Coherent and incoherent scatterings for measurement of mandibular bone density and stable iodine content of tissue.

Sharma A, Singh M, Singh B, Sandhu BS - J Med Phys (2009)

(a) A typical observed spectra at a scattering angle of 130° for a phantom (K2HPO4 concentration 30 g in 100 mL) when irradiated by 59.54 keV incident photons for 5 ks duration, (b) zoom in spectra of region of coherent peak, and (c) a typical observed spectra at a scattering angle of 50° for a phantom (KI concentration, 2 g in 10 mL of water) when irradiated by 145 keV incident gamma rays
© Copyright Policy - open-access
Related In: Results  -  Collection

License
Show All Figures
getmorefigures.php?uid=PMC2807686&req=5

Figure 0002: (a) A typical observed spectra at a scattering angle of 130° for a phantom (K2HPO4 concentration 30 g in 100 mL) when irradiated by 59.54 keV incident photons for 5 ks duration, (b) zoom in spectra of region of coherent peak, and (c) a typical observed spectra at a scattering angle of 50° for a phantom (KI concentration, 2 g in 10 mL of water) when irradiated by 145 keV incident gamma rays
Mentions: A typical observed spectrum, corrected for background events, from phantom (30 g of K2HPO4 in 100 mL distilled water) when irradiated by 59.54 keV gamma rays (at scattering angle of 130°) is shown in [Figure 2a]. The coherent and incoherent peaks are observed at 59.54 and 50.5 keV, respectively. The intensity of coherent peak is much smaller in comparison to incoherent peak owing to low effective atomic number of the phantom and lesser probability for coherent process to occur at large scattering angles. [Figure 2b] shows zoom in the spectrum of region of coherent peak [Figure 2a] showing its presence, which otherwise is not clearly visible because of observed higher counting rate under the incoherent peak. [Figure 2c] shows a typical observed spectrum, corrected for background events, from phantom (2 g of KI in 10 mL distilled water) when irradiated by 145 keV gamma rays (at scattering angle of 50°). The Rayleigh and Compton peaks are clearly visible at energies of 145 and 131.6 keV, and distinguished from each other in the scattered spectra. The intensity of Rayleigh peak is considerably smaller in comparison to Compton peak owing to lesser probability for Rayleigh process to occur in comparison to Compton scattering at the chosen scattering angle for a given incident energy. The observed spread in the coherent peak is caused by inherent energy resolution of the HPGe detector. The spread in the observed incoherent peak is caused by finite angular aperture of the source and detector collimators, Doppler broadening of incoherent peak and intrinsic energy resolution of the HPGe detector.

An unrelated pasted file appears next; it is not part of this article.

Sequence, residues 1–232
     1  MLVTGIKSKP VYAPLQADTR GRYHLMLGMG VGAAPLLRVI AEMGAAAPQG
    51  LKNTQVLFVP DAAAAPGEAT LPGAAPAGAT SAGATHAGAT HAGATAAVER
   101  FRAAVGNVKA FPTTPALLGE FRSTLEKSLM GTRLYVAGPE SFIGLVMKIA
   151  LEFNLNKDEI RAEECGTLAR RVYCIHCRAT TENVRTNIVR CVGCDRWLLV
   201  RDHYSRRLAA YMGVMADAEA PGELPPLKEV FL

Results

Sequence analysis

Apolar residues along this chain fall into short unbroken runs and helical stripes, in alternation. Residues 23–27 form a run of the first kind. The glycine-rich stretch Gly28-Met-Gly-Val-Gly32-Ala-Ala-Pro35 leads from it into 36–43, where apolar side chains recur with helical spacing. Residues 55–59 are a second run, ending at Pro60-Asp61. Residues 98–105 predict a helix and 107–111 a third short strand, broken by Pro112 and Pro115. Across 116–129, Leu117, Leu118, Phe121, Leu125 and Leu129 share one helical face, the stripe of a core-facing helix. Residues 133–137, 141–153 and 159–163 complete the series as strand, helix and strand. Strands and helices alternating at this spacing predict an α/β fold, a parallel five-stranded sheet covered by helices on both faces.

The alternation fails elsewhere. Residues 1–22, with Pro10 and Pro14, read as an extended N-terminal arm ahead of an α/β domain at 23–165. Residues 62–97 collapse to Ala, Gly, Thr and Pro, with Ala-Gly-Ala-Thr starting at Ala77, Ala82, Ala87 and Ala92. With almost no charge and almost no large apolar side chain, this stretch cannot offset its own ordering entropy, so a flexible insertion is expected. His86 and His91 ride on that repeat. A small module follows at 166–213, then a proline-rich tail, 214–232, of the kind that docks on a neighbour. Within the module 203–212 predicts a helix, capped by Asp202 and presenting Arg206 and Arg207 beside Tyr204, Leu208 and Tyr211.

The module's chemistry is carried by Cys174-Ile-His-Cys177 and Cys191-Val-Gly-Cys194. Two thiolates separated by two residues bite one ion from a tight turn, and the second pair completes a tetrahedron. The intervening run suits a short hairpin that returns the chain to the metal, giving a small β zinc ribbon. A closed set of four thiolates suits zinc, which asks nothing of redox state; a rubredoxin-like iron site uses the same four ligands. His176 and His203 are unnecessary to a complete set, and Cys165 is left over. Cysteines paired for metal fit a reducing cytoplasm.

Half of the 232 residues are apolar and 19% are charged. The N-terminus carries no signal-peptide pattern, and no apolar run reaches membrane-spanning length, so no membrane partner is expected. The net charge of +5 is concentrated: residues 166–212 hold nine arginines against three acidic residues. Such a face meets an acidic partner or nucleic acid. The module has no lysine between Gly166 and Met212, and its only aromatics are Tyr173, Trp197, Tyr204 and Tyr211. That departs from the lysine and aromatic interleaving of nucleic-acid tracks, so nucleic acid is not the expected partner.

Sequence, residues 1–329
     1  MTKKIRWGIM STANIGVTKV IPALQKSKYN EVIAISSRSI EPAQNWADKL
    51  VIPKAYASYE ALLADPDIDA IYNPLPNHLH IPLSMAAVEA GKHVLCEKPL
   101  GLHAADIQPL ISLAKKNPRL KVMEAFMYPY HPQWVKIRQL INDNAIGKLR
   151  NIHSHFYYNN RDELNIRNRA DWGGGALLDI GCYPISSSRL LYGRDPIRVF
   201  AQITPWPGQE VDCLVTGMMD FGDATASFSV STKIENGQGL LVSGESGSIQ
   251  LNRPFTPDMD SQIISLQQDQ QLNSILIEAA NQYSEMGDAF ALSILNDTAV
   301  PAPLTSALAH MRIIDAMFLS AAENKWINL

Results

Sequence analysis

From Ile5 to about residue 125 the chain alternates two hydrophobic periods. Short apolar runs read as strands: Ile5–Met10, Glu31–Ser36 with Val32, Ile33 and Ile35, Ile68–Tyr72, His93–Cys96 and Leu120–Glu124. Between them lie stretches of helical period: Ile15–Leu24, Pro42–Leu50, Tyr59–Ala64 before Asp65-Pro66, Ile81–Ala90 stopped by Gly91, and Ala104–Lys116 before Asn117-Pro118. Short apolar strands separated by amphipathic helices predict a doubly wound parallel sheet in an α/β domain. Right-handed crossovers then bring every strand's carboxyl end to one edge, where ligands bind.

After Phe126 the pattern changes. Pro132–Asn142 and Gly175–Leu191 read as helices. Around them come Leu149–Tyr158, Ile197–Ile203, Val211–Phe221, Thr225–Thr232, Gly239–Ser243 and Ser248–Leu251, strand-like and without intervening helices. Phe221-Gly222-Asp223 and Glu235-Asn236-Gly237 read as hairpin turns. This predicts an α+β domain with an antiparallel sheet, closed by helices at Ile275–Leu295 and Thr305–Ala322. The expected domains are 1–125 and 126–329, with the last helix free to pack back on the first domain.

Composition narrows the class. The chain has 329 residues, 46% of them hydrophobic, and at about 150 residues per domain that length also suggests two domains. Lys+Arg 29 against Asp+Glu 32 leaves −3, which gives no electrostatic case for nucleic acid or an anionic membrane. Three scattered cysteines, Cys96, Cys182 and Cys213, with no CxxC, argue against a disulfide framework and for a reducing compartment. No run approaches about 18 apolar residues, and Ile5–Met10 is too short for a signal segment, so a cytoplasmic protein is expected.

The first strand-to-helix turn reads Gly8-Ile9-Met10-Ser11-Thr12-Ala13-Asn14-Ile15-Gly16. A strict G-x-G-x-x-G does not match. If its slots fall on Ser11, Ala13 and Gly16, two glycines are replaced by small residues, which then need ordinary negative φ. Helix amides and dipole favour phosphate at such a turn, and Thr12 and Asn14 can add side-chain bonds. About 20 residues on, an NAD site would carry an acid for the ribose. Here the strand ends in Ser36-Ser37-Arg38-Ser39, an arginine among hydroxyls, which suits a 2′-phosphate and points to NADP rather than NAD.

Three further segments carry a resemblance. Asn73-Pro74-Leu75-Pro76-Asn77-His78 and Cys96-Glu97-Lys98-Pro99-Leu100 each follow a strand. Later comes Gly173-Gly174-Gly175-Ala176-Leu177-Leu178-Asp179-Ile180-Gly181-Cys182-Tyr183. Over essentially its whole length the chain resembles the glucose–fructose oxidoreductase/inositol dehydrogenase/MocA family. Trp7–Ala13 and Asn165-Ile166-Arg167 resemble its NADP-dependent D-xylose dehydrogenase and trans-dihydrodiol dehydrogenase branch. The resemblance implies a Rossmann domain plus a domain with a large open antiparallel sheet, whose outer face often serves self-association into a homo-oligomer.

Bottom Line: A high-purity germanium detector is placed at various angular positions to record the scattered spectra originating from interactions of incident gamma rays with the phantom.The measured intensity ratio of coherent to incoherent scattered gamma rays, corrected for photo-peak efficiency of HPGe detector, absorption of gamma rays in air column present between phantom and detector, and self-absorption in the phantom, is found to be increasing linearly with increase in concentration of K(2)HPO(4) and KI in distilled water within experimental estimated error of <6%.The present non-destructive technique has the potential for a measure of mandibular bone density and stable iodine contents of thyroid.

View Article: PubMed Central - PubMed

Affiliation: Department of Physics, Punjabi University, Patiala-147002, India.

ABSTRACT
The aim of present study is to investigate the feasibility of gamma ray scattering for measurements of mandibular bone density and stable iodine content of tissue. Scattered spectra from solutions of K(2)HPO(4) in distilled water (a phantom simulating the mandibular bone) and KI in distilled water filled in a thin plastic vial (a phantom simulating the kinetics of thyroid iodine) are recorded for 59.54 and 145 keV incident gamma rays, respectively. A high-purity germanium detector is placed at various angular positions to record the scattered spectra originating from interactions of incident gamma rays with the phantom. The measured intensity ratio of coherent to incoherent scattered gamma rays, corrected for photo-peak efficiency of HPGe detector, absorption of gamma rays in air column present between phantom and detector, and self-absorption in the phantom, is found to be increasing linearly with increase in concentration of K(2)HPO(4) and KI in distilled water within experimental estimated error of <6%. The regression lines, obtained from experimental data for intensity ratio, provide the bone density and stable iodine contents of thyroid. The present non-destructive technique has the potential for a measure of mandibular bone density and stable iodine contents of thyroid.

No MeSH data available.


Related in: MedlinePlus